Steve Lombardi wrote:

      When you have three stud/solid trusty starters at the front end of your rotation, you can get by with a rookie and a washed up journeyman bringing up the rear.

      That isn’t necessarily true. The 2006 Cards come to mind, and I’m sure there are other playoff teams as well as other WS winners that have had lousy rotations.

    4. Scout
      March 25th, 2011 | 11:53 am

      Raf wrote:

      The 2006 Cards come to mind, and I’m sure there are other playoff teams as well as other WS winners that have had lousy rotations

      Not very many, though it can happen. It is always about probability: the likelihood of getting to the post-season and going deep in the play-off rises with excellent front-line starting pitching. An overpowering offense and one ace may get you into the play-offs but the odds are you won’t last long once there. Unfortunately, as of today, the Yankees look to be in the latter camp, not the former.

    5. MJ Recanati
      March 25th, 2011 | 12:19 pm

      Steve Lombardi wrote:

      And, even at his best, he’s just a .500 pitcher.

      I’m happy to criticize AJ Burnett for his putrid performance last yera and I’m happy to share in the skepticism that he might be cooked based on declining velocity over the past few years but his W/L record has nothing to do with it. Cliff Lee was barely a .500 pitcher last year, which goes to show you how meaningless W/L record is.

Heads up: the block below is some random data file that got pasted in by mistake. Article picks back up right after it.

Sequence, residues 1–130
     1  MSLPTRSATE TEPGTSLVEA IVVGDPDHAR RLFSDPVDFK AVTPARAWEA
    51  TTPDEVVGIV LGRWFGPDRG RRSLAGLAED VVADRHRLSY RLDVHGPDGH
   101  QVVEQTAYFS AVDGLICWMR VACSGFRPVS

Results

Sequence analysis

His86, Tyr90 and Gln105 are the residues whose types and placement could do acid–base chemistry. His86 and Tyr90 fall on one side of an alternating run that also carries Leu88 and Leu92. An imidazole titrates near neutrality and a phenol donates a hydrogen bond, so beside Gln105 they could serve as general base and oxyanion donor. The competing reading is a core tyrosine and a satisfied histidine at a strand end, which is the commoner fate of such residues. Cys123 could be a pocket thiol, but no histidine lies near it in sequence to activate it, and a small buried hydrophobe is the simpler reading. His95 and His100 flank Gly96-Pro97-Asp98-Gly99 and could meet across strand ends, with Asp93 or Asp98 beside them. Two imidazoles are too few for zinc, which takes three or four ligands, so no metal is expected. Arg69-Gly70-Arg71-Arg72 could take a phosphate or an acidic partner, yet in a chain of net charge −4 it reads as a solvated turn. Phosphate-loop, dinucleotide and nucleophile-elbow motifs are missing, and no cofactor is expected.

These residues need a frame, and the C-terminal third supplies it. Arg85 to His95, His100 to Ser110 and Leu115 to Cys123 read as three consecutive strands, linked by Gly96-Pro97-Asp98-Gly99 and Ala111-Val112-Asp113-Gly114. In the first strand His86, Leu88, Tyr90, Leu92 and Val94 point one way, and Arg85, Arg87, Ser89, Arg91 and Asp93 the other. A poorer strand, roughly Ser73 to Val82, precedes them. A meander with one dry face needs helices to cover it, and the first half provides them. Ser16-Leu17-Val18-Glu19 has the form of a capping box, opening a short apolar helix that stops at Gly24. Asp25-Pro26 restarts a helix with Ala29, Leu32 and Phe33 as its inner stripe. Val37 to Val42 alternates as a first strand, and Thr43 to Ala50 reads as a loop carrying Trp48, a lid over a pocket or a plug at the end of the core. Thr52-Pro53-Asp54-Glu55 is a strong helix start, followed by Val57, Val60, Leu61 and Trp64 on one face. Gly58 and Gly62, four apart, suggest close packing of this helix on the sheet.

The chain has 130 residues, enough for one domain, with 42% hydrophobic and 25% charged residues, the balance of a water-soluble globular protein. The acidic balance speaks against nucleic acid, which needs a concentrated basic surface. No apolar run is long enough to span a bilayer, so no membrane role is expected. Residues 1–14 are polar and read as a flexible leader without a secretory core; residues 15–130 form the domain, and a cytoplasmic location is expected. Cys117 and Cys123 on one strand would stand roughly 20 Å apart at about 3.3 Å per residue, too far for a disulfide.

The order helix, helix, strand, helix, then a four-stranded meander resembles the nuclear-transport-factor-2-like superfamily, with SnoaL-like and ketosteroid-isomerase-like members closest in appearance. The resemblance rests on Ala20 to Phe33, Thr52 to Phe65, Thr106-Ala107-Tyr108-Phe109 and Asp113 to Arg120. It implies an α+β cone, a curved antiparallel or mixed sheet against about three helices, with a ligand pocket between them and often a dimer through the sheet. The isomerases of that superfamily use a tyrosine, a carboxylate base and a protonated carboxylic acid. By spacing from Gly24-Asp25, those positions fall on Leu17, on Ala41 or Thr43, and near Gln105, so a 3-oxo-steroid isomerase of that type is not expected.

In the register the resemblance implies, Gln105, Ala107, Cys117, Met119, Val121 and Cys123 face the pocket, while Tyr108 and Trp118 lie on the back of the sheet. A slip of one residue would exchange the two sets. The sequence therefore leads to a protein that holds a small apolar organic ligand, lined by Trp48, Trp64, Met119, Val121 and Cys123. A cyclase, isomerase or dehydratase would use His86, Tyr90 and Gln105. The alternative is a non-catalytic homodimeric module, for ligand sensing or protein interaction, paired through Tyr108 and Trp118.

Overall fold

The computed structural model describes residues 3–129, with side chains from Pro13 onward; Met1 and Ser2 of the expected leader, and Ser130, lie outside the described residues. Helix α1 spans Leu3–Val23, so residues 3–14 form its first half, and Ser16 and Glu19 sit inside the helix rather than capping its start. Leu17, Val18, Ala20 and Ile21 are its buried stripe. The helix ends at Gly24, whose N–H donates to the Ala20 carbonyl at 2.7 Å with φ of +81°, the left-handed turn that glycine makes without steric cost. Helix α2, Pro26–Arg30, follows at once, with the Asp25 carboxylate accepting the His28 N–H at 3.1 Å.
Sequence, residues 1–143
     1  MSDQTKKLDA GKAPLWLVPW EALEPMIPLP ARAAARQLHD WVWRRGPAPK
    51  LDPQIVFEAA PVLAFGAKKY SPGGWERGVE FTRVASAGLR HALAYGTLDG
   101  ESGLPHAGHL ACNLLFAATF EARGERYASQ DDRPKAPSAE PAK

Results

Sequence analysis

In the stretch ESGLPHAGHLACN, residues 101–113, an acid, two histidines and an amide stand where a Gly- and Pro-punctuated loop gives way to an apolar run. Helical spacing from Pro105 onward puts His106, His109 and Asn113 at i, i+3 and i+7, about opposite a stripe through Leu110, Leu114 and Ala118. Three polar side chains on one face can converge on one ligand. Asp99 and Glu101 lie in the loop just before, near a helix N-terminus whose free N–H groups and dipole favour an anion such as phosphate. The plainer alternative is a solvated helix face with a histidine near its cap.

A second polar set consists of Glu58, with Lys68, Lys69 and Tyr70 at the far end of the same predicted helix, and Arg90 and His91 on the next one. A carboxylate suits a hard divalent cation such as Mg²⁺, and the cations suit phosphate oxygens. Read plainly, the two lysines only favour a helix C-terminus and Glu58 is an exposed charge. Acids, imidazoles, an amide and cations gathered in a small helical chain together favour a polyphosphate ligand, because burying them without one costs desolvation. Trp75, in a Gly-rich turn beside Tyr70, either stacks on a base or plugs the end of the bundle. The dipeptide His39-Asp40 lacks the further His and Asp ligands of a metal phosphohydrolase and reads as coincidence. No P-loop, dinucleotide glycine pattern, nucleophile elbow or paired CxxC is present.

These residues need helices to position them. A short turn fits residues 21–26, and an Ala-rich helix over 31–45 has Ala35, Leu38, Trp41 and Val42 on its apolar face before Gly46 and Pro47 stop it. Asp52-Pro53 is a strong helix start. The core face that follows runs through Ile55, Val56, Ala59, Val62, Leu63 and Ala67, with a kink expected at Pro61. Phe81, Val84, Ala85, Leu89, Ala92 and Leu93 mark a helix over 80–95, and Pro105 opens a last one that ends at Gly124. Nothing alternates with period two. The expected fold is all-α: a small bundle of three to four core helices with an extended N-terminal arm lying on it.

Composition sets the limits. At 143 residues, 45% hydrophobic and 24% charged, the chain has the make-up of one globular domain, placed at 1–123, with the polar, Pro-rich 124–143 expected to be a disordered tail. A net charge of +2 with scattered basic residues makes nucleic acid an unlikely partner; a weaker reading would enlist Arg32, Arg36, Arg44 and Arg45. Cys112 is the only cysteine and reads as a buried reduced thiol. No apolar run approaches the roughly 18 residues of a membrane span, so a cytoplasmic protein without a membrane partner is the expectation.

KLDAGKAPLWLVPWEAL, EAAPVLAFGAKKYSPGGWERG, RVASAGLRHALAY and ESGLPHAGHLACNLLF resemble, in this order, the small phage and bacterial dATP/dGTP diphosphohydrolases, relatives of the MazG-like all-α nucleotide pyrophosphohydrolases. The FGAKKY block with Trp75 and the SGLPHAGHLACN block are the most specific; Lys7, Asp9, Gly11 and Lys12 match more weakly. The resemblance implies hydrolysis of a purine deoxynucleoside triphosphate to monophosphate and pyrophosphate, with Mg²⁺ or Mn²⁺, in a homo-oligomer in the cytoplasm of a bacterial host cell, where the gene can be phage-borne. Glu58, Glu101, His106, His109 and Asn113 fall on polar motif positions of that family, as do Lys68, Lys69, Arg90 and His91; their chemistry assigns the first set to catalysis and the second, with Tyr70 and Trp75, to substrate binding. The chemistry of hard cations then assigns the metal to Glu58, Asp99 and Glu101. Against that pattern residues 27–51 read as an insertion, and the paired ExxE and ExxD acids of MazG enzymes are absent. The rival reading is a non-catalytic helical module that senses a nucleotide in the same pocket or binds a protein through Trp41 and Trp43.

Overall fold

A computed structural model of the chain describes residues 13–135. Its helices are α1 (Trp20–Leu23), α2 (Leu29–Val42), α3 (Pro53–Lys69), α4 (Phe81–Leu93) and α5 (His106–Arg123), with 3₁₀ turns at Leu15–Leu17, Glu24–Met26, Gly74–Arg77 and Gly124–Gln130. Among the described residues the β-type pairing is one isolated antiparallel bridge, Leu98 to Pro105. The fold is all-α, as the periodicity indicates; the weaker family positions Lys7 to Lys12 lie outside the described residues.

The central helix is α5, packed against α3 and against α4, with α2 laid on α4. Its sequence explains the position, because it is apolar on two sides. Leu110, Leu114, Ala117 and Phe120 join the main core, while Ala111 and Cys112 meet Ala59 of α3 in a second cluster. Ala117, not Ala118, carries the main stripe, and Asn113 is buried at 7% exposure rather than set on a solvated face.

6. Raf
      March 25th, 2011 | 12:36 pm

      Scout wrote:

      It is always about probability: the likelihood of getting to the post-season and going deep in the play-off rises with excellent front-line starting pitching.

      That isn’t necessarily true either.

    7. Scout
      March 25th, 2011 | 3:15 pm

      @ Raf:
      Well, then, I think the burden of proof lies with you to demonstrate that teams without excellent one-through-three starting pitching are just as likely to advance deep into the play-offs. On my side, I will point to the Giants last year, the Yankees the year before (who used ONLY three starters in the entire play-oofs), the successful Red Sox teams in recent years.